Races to Watch: 12-Year incumbent challenged in 6th House District Democratic Primary
As part of our 2022 Election coverage, Delaware Public Media is highlighting a series of “Races to Watch,” starting with races in the upcoming September primary.
This week, we head to New Castle County – specifically in one North Wilmington House district where Democrats have a choice this year: go with an incumbent or make a change to carry the party forward to the November General Election.
Delaware Public Media’s Mark Fowser breaks down the House District 6 primary race.
In next month’s Delaware primary, Democratic voters in one north Wilmington House district have a choice this year: to go with an incumbent who first ousted a Republican in 2010, or to make a change to carry the party forward in the November election.
The 6th District stretches from Edgemoor to other Wilmington suburbs. Bellefonte is the only municipality in the district.
For 12 years, the district has been represented by Representative Debra Heffernan, former President of the Brandywine Board of Education and an experienced environmental toxicologist. She is opposed on September 13th by Becca Cotto, who ran her own business and actively volunteered with political campaigns and is now YWCA Director of Racial and Social Justice.
“Anybody who knows me knows I’m passionate about racial justice. I’m tired of waiting for real systemic change to happen,” Cotto said.
According to Cotto, key proposals surrounding police accountability – civilian review boards, reforming the law enforcement officer’s bill of rights, and opening up police misconduct records – became watered down through attempted compromise. She added that the proposals were reviewed, gathered wide community support, and were right in front of lawmakers – including her opponent.
"As a human being, if you have the power to do something, to prevent something or at least expose something around police misconduct, why would you not take that opportunity?”Becca Cotto, District 6 primary candidate and YWCA Director of Racial and Social Justice
“As a human being, if you have the power to do something, to prevent something or at least expose something around police misconduct, why would you not take that opportunity?” Cotto added.
Heffernan said she was driven to seek state office after her experience with the Brandywine Board of Education, a district where she is also a parent with three children, one of whom had special needs.
“It drew me into understanding that the education system wasn’t equal for everyone,” Heffernan said.
Before being elected to the Brandywine School Board, Heffernan formed the Brandywine School District Special Needs PTA. In the House, Heffernan said she has continued to be an advocate for children of special needs, as well as those from lower-income backgrounds and underserved communities.
Heffernan has sponsored, cosponsored or been a key supporter of several high-profile pieces of legislation, ranging from the Healthy Delaware Families Act (paid family and medical leave) to environmentally-focused legislation such as curtailing PFAS, so-called forever chemicals, in drinking water supplies. A bill she sponsored also codified reproductive rights in Delaware, which becomes more important now that the US Supreme Court has overturned Roe v. Wade.
However, identifying and addressing concerns of the people in the 6th District is what drives Heffernan to put in what she claims is full-time for what’s considered a part-time position.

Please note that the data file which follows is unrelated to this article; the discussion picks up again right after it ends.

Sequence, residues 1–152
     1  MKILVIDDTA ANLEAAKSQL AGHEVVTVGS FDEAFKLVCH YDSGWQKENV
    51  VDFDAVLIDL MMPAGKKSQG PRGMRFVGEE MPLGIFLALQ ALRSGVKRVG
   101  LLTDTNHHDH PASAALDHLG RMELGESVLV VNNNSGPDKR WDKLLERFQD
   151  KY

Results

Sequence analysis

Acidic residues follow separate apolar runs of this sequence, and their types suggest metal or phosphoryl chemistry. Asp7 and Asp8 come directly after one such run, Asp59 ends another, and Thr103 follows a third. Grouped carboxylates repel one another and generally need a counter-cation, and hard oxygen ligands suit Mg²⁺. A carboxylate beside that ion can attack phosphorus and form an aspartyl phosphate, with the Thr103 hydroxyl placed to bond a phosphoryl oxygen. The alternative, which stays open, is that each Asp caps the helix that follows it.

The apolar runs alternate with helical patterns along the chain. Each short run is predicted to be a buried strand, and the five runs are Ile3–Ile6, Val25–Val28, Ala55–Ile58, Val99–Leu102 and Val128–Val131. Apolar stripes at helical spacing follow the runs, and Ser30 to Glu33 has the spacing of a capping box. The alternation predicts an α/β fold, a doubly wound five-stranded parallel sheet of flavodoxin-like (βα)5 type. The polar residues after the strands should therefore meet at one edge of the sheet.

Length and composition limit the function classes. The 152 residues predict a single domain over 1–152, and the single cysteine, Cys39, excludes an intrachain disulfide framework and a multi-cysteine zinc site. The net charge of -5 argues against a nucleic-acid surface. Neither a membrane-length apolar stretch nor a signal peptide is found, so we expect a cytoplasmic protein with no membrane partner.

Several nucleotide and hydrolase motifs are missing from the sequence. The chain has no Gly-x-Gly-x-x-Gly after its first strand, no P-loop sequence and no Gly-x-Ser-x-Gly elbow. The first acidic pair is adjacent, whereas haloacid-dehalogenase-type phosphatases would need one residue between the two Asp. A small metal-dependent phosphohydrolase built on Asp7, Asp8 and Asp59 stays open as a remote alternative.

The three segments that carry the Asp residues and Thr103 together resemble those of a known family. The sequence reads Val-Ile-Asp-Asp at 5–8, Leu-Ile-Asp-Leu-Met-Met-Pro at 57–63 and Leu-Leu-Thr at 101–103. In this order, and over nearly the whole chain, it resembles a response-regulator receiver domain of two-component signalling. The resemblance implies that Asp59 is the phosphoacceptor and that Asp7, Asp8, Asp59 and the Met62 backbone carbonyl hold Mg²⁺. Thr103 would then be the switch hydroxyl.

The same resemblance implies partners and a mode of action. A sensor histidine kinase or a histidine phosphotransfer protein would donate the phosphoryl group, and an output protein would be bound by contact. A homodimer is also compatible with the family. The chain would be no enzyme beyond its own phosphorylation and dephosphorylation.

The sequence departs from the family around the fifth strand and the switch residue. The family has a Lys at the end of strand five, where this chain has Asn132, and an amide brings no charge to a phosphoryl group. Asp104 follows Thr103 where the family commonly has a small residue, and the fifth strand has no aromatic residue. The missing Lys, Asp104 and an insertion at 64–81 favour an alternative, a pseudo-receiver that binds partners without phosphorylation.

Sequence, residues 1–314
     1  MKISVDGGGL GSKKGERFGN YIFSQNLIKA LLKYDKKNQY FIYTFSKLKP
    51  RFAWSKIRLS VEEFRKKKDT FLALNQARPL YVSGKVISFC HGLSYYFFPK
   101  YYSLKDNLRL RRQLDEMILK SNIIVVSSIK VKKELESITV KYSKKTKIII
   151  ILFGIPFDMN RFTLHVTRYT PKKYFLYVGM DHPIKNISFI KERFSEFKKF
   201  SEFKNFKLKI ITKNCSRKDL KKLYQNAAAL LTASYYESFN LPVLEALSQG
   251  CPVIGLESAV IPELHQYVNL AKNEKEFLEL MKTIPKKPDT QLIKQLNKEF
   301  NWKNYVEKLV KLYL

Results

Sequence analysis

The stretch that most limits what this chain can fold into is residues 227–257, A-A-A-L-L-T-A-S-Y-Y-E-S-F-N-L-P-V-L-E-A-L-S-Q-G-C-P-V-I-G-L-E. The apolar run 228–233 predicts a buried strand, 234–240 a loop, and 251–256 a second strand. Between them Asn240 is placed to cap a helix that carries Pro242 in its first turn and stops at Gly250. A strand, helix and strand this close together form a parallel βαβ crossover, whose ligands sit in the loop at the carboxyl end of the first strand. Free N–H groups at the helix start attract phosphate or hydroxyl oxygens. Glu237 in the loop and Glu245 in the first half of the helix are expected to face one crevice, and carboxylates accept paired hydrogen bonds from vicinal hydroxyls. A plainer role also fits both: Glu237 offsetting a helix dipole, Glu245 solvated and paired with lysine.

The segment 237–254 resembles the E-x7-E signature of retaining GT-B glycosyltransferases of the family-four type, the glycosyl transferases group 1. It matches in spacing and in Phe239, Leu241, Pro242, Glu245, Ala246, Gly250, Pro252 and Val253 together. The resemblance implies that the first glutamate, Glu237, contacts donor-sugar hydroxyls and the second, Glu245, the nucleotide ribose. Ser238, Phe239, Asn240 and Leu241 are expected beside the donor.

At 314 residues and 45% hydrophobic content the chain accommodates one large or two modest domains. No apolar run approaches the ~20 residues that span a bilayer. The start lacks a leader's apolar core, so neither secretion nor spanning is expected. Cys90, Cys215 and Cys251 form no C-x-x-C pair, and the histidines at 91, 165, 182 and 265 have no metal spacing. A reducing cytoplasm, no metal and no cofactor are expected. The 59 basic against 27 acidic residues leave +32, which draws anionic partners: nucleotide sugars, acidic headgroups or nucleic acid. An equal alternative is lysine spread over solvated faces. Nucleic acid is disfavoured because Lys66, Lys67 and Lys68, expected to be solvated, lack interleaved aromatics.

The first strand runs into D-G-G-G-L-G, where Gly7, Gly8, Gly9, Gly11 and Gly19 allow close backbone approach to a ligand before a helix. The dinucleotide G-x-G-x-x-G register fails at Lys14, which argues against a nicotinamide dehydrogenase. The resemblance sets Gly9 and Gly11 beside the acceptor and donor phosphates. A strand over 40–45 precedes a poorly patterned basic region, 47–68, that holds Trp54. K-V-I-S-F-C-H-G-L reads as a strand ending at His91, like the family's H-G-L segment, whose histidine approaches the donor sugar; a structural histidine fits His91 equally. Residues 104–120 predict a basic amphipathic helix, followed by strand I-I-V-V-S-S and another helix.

“Constituent service is really my passion,” Heffernan said, adding that parks, potholes and drainage issues are just a few of the concerns that are brought to her attention.
Cotto, who claimed to have knocked on more than 8,000 doors by early August, said she heard different concerns in different parts of the district. Some were troubled by unsafe roads and the speeding in Delaware. Schools, education, support for teachers and the environment also frequently came up. Heffernan said while jobs and inflation are current concerns, the core concerns are also gun safety, public safety, students’ mental health and education – as well as the environment.
“One of the things I think people also think about is climate change. That’s one of the biggest problems for our state, because we’re the lowest-lying state,” Heffernan said.
However, Senate Bill 305, the Delaware Climate Change Solutions Act, could not advance in the House Natural Resources Committee that is chaired by Heffernan as the session was winding down in June. She said she is committed to passing a comprehensive climate change bill, with enforceable goals.
“I believe that we are ready, and I believe that we shouldn’t wait any longer to get this done,” Heffernan said.
“One of the things I think people also think about is climate change. That’s one of the biggest problems for our state, because we’re the lowest-lying state."State Representative Debra Heffernan, 6th District
Heffernan and Cotto are each in support of a Green Amendment.
Cotto is running under the banner of “Becca Cotto for Change.” Heffernan, meanwhile, said she’s been told – and has adopted the hashtag – “Deb gets it done.”
Heffernan would like to “just keep getting things done for my constituents.” She cited drainage projects, potholes, street paving, helping people with unemployment issues through the COVID-19 pandemic and helping people apply for mortgage assistance.
“We help with everything.”
Cotto reflected about the time spent on the front porches of so many people and just talking. “We talked policy. We talked life.”
There has been crying, there has been laughter –and much talk about kids.
“There is just so much out there out there… I just love connecting with the community. It’s just really been a wonderful experience for me, I have to say.”